CLR Forum

On February 14, 2019, hundreds of thousands of text messages were ensnared in a defective communications server—only to be released months later. By the time these messages reached their recipients, their worlds had changed: Heartfelt valentines arrived from loves now lost; other late-arriving messages seemed to come from the ghosts of the recently passed. It could have been worse. Text messages help to enable a wide variety of critical applications,...

Introduction Federal campaign finance law currently prohibits individuals from donating more than $35,500 per year to national political party committees. Yet, in March 2020, former New York City Mayor Michael Bloomberg gave $18 million to the DNC. How was he able to do this? The answer is simple: Mayor Bloomberg donated his $18 million not […]


Timothy M. Mulvaney*

In District of Columbia v. Wesby, the Supreme Court determined that a prudent officer had probable cause to arrest attendees at a festive house party for criminal trespass without a warrant. While reactions from scholars of criminal law have begun to emerge, this Piece is the first to conceive of the decision through the lens of property theory. In this regard, the Piece offers two principal claims. First, on interpretive grounds, it contends that,...

For twenty-five years, the Federal Trade Commission (FTC) has brought enforcement actions against companies for data breaches using its statutory authority under Section 5 of the FTC Act to police “unfair or deceptive acts or practices.” While the Commission originally brought cases under the “deceptive” prong of Section 5, more recent cases have been brought under the vague “unfairness” prong. These cases allege that a company that...

Introduction In September 2017, the Supreme Court granted certiorari in Ortiz v. United States, a case challenging the appointment of a military judge. The case, which had come to the Court on appeal from the Court of Appeals for the Armed Forces (CAAF), was quickly complicated by an amicus brief arguing that the Court lacked […]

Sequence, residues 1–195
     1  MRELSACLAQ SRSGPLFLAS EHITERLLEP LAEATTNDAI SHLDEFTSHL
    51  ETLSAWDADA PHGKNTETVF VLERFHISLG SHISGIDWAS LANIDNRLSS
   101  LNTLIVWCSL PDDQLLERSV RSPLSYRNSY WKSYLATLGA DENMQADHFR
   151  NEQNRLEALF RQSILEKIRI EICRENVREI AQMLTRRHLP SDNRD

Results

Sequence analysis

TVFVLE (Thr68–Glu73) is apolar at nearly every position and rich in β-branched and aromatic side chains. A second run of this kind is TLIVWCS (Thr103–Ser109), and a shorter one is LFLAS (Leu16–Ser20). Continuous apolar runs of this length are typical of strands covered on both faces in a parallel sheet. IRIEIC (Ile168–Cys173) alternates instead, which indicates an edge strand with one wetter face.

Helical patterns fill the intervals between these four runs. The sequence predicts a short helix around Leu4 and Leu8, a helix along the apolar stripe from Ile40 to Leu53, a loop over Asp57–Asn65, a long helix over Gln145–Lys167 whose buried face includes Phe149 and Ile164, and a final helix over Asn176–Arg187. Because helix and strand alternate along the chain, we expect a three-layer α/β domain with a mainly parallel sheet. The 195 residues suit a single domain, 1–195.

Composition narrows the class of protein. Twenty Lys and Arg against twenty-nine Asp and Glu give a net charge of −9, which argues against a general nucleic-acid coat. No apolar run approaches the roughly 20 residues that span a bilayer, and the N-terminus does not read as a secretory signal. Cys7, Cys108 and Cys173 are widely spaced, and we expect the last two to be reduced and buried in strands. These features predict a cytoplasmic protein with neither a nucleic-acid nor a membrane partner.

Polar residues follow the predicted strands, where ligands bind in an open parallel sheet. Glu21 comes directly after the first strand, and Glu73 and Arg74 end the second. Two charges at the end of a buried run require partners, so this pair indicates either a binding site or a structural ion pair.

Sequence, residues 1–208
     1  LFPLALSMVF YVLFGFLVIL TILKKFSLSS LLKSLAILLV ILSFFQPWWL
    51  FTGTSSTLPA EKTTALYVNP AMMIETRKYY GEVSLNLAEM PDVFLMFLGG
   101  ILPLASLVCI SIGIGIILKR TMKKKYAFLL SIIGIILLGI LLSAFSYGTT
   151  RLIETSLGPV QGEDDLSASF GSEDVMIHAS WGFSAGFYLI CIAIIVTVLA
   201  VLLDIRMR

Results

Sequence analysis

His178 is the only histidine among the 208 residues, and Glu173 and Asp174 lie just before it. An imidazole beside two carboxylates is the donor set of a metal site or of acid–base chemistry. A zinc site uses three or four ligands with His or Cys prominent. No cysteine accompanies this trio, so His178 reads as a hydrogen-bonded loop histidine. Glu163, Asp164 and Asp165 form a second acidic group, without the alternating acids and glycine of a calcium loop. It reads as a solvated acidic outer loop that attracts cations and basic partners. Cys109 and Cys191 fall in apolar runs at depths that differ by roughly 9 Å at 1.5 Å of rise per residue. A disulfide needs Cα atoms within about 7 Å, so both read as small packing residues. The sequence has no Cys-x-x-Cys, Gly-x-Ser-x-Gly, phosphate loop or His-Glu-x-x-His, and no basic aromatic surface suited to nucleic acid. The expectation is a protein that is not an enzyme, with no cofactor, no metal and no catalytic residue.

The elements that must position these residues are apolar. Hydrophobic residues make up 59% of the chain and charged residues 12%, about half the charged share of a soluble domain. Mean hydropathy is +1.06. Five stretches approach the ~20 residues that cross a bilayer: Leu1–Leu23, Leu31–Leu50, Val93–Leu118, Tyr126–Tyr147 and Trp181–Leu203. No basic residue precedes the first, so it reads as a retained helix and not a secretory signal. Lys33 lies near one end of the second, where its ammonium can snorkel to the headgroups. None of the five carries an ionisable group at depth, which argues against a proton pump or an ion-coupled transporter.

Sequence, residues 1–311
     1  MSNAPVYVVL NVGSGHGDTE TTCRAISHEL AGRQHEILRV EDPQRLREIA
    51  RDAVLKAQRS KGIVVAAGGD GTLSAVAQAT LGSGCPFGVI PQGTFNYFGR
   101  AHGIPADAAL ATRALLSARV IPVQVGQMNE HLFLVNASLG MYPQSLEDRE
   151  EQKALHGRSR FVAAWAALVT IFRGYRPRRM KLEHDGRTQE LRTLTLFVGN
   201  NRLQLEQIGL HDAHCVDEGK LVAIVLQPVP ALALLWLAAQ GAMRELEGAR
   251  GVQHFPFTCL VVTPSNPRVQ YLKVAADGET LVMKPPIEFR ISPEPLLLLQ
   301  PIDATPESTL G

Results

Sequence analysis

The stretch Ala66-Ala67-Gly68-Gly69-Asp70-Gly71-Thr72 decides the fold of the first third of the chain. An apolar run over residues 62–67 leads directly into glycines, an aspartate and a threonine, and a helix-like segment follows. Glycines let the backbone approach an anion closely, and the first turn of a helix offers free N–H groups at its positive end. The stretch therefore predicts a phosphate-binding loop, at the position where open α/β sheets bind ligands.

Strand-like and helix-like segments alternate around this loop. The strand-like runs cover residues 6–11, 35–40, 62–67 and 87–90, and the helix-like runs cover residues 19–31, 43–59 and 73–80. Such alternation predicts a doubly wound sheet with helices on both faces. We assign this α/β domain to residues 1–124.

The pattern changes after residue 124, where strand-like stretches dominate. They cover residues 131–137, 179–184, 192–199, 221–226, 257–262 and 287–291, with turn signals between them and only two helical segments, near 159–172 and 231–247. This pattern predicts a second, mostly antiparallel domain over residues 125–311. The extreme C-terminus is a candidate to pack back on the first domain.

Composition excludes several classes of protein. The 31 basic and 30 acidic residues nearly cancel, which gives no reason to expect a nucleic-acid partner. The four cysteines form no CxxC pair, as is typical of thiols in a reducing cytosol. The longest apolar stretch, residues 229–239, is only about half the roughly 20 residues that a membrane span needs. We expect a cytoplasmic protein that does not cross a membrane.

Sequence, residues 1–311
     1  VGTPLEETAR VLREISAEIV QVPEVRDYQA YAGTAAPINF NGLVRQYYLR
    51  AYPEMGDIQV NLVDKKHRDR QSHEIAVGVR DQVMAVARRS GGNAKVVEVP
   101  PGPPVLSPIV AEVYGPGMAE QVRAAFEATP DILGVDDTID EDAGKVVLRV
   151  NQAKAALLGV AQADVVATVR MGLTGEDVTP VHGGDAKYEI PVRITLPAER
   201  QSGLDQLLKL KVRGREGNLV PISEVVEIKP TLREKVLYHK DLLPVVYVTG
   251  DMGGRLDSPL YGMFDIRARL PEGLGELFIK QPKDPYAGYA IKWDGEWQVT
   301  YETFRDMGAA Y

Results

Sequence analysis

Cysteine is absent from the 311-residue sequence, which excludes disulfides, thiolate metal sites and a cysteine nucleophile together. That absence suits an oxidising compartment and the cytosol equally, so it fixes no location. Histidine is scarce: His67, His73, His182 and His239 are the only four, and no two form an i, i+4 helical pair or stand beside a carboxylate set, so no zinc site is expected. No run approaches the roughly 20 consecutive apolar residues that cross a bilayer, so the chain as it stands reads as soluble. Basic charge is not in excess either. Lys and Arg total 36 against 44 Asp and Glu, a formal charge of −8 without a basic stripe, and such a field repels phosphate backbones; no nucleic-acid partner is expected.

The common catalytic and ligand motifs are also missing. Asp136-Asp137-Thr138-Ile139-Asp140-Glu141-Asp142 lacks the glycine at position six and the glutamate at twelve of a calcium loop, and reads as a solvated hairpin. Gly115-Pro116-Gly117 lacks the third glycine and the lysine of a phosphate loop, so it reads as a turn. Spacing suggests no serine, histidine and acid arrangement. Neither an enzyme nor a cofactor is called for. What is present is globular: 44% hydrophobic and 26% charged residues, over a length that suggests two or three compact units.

On September 30, 2019, California Governor Gavin Newsom signed into law Senate Bill 206, otherwise known as “The Fair Pay to Play Act.” When it goes into effect, the Fair Pay to Play Act will allow student-athletes enrolled in California colleges and universities to be compensated for the use of their name, images, and likenesses […]

The following Piece reflects the revised and extended remarks given by Barbara Novick at the Harvard Roundtable on Corporate Governance, November 6, 2019. Thank you to Lucian Bebchuk for inviting me to share some thoughts on investment stewardship to kick off the 2019 Corporate Governance Roundtable. I. Academic Theories on Investment Stewardship Corporate governance and […]

Introduction On May 3, 2019, the Fourth Circuit became the first federal court of appeals to hold that the indefinite solitary confinement of people on death row violates the Eighth Amendment. The case, Porter v. Clarke, was praised as a step forward for the rights of those held on death row, as well as a […]

Introduction The Electoral College has resulted in the loser of the national popular vote winning the presidency five times in our history, including twice in the past two decades. Over the course of more than two centuries, it has become one of the two most popular subjects for constitutional amendment proposals. But be­cause of the […]